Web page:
Oral History of the American Left (OH.002): The Tamiment Library at New York University established the Oral History of the American Left in 1976 in order to collect and preserve the memories of veteran activists. These interviews describe seven decades of Left politics from the 1910s through the 1970s. They document the full spectrum of left politics in the twentieth century, including socialism, Communism, anarchism, Trotskyism, and the New Left. There are interviews with both leaders and rank-and-file activists.

Tamiment Library Oral Histories: These are interviews that were performed at the Tamiment Library.

American Reds: Full-length video interviews from the film “American Reds,” which chronicled the emergence of American Communism.

 

 

 

 

 

Jane Hood Video Oral Histories of New England Area Leaders of the Communist Party of the United States (TAM.655): The Jane Hood Collection of Video Oral Histories of New England Area Leaders of the Communist Party of the United States (dates 1980s) is composed of interviews with members of the New England Communist Party and children of New England Communists. Oral history interviews in this collection were created in the 1980s by Eric Stange and Paul Buhle for various oral history projects. They were later used by Jane Hood in preparation for a book about her own experience as the daughter of an American Communist.

International Council Correspondence / Living Marxism / New Essays, 1934-1943

International Council Correspondence Volume 3, Number 9-10 (October 1937)


(source)

Introduction

Brought together here are references to all the publications by the International Council Correspondence-group in Chicago, Illinois, USA, originally named “United Workers’ Party”; the party-name was dropped early 1936. The periodical was published in ever bigger volumes with ever longer articles but appearing ever less frequent, discontinued in 1943.

The whole series of periodicals: International Council Correspondence; Living Marxism (International Council Correspondence); and New Essays, but without the pamphlets, was reprinted in 1970 in five volumes: in photographic reproduction of reduced size without transcription, edition, annotation or source, by the in 2015 still existing Greenwood Reprint Corporation , Westport, Connecticut, under the general title “New Essays”; with a short introduction in the first volume by Paul Mattick sr. (see below).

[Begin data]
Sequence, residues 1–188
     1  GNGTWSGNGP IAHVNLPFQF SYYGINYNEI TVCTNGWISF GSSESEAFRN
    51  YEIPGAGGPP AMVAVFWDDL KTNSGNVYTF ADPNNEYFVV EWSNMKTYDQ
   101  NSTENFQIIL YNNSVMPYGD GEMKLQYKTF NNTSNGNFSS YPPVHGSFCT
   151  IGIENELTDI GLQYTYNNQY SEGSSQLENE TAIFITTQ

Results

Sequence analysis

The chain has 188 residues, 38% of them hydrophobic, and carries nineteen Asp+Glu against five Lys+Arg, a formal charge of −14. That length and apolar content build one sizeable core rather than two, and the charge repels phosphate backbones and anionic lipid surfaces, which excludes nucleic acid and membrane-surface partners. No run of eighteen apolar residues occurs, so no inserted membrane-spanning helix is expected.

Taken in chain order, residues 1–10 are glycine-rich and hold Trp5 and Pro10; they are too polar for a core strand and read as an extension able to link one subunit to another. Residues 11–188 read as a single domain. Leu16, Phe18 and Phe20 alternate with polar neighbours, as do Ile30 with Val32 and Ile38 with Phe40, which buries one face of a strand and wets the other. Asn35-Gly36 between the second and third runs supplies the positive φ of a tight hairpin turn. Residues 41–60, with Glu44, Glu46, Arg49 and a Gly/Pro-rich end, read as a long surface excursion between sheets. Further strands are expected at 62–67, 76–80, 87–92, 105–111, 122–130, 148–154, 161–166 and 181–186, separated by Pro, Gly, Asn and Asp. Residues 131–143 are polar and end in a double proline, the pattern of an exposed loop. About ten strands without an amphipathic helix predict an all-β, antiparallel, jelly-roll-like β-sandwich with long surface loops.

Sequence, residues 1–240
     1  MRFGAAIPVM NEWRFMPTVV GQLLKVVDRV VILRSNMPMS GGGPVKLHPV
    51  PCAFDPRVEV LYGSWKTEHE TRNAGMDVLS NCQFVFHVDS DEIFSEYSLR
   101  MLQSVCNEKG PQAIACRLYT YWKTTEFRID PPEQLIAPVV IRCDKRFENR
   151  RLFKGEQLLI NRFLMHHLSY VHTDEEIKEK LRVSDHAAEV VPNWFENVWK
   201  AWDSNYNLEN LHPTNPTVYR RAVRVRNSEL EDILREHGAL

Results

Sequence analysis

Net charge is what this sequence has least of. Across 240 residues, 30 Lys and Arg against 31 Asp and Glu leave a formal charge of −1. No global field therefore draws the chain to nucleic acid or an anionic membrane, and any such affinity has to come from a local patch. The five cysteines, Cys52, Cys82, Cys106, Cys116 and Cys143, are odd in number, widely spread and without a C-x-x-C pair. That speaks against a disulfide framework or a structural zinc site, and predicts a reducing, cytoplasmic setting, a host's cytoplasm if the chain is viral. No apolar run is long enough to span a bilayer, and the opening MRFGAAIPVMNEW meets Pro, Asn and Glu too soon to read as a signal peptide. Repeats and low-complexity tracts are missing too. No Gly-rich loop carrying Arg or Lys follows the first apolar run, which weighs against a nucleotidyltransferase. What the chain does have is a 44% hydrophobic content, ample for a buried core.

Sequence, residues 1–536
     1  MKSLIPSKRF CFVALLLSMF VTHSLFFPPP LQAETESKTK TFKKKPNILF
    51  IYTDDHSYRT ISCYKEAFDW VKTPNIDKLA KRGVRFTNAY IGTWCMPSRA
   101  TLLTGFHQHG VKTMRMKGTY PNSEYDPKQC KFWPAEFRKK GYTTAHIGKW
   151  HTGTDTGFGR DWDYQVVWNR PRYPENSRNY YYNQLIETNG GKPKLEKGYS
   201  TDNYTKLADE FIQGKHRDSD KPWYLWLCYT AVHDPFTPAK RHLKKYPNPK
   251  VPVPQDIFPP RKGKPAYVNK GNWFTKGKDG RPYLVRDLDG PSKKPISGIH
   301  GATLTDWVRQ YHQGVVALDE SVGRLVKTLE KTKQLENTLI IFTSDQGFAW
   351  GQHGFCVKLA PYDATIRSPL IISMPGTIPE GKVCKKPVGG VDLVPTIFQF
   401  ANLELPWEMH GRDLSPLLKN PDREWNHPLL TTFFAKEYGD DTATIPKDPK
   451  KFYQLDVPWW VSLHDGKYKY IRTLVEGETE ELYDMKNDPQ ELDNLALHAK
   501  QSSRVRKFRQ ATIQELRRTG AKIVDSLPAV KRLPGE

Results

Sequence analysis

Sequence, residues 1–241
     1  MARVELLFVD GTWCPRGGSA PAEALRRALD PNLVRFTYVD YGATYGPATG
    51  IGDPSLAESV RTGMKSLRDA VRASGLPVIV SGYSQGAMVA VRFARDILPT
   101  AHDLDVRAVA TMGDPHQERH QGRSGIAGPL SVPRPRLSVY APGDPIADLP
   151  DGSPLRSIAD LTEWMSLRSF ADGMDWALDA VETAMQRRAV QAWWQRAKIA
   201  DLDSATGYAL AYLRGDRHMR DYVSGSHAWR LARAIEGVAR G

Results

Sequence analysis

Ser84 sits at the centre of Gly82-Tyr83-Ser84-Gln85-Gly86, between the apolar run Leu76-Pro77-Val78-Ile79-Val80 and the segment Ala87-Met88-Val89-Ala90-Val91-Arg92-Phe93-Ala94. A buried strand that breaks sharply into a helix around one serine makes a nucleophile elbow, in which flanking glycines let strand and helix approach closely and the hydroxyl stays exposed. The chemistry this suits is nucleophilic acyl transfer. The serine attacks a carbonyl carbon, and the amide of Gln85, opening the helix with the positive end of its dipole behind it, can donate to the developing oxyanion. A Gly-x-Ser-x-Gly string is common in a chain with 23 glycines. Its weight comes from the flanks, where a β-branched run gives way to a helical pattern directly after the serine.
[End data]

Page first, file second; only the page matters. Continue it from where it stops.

The first volume can also be found as pdf at: libcom.org , in a much smaller file of lower resolution and without optical character recognition. For complete scans in a better resolution but also without (searchable) optical character recognition, also see libcom.org , posted by Stephen, 13 May 2014; in September 2015 we were unaware of the existence of this publication as proper references to the whole series and tables of content were missing; since, we have given permission to libcom.org  to reproduce the scans made by us.

An anonymous incomplete table of contents, apparently originally compiled by Bjarne Avlund Frandsen (a source is not given), and amended, with links to html-versions of some of the texts, can be found at marxists.org . One might doubt the attribution of some articles to Paul Mattick; sources are not given.

Another one, with some texts and some French translations attached (1) at: La Bataille socialiste  (libertarian marxist blog).


Among the original group in Chicago: Paul Mattick, Rudolf (Rüdiger) Raube, Carl Berreitter, Al Givens, Kristen Svanum, Allen Garman (edited Paul Mattick’s essays), Frieda Mattick; later joined by: Karl Korsch, Walter Auerbach (author and co-author with Paul Mattick), Fritz Henssler (negociated possible mergers with other journals), and the New York group: Walter Boelke, Wendeling Thomas, Hans Schaper, Emmy Tetschner, Mary MacCollum. Living Marxism in Chicago in the late 1930’s: Jake Faber, Emil White, Sam Moss, Dinsmore Wheeler (edited Paul Mattick’s essays), Fairfield Porter (financial contributor), Ilse Mattick (2). A regular outside collaborator was Anton Pannekoek. Finally there was Jos. Wagner. For a somewhat “sociological” yet informative introduction to this group, see: The Council Communists between the New Deal and Fascism / Gabriella M. Bonacchi (1976).

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Survival of the Richest

Some of the wealthiest people in America—in Silicon Valley, New York, and beyond—are getting ready for the crackup of civilization.

by Evan Osnos (newyorker)

170130_r29354-690x533-1484862117An armed guard stands at the entrance of the Survival Condo Project, a former missile silo north of Wichita, Kansas, that has been converted into luxury apartments for people worried about the crackup of civilization. Photograph by Dan Winters for The New Yorker

Steve Huffman, the thirty-three-year-old co-founder and C.E.O. of Reddit, which is valued at six hundred million dollars, was nearsighted until November, 2015, when he arranged to have laser eye surgery. He underwent the procedure not for the sake of convenience or appearance but, rather, for a reason he doesn’t usually talk much about: he hopes that it will improve his odds of surviving a disaster, whether natural or man-made. “If the world ends—and not even if the world ends, but if we have trouble—getting contacts or glasses is going to be a huge pain in the ass,” he told me recently. “Without them, I’m fucked.”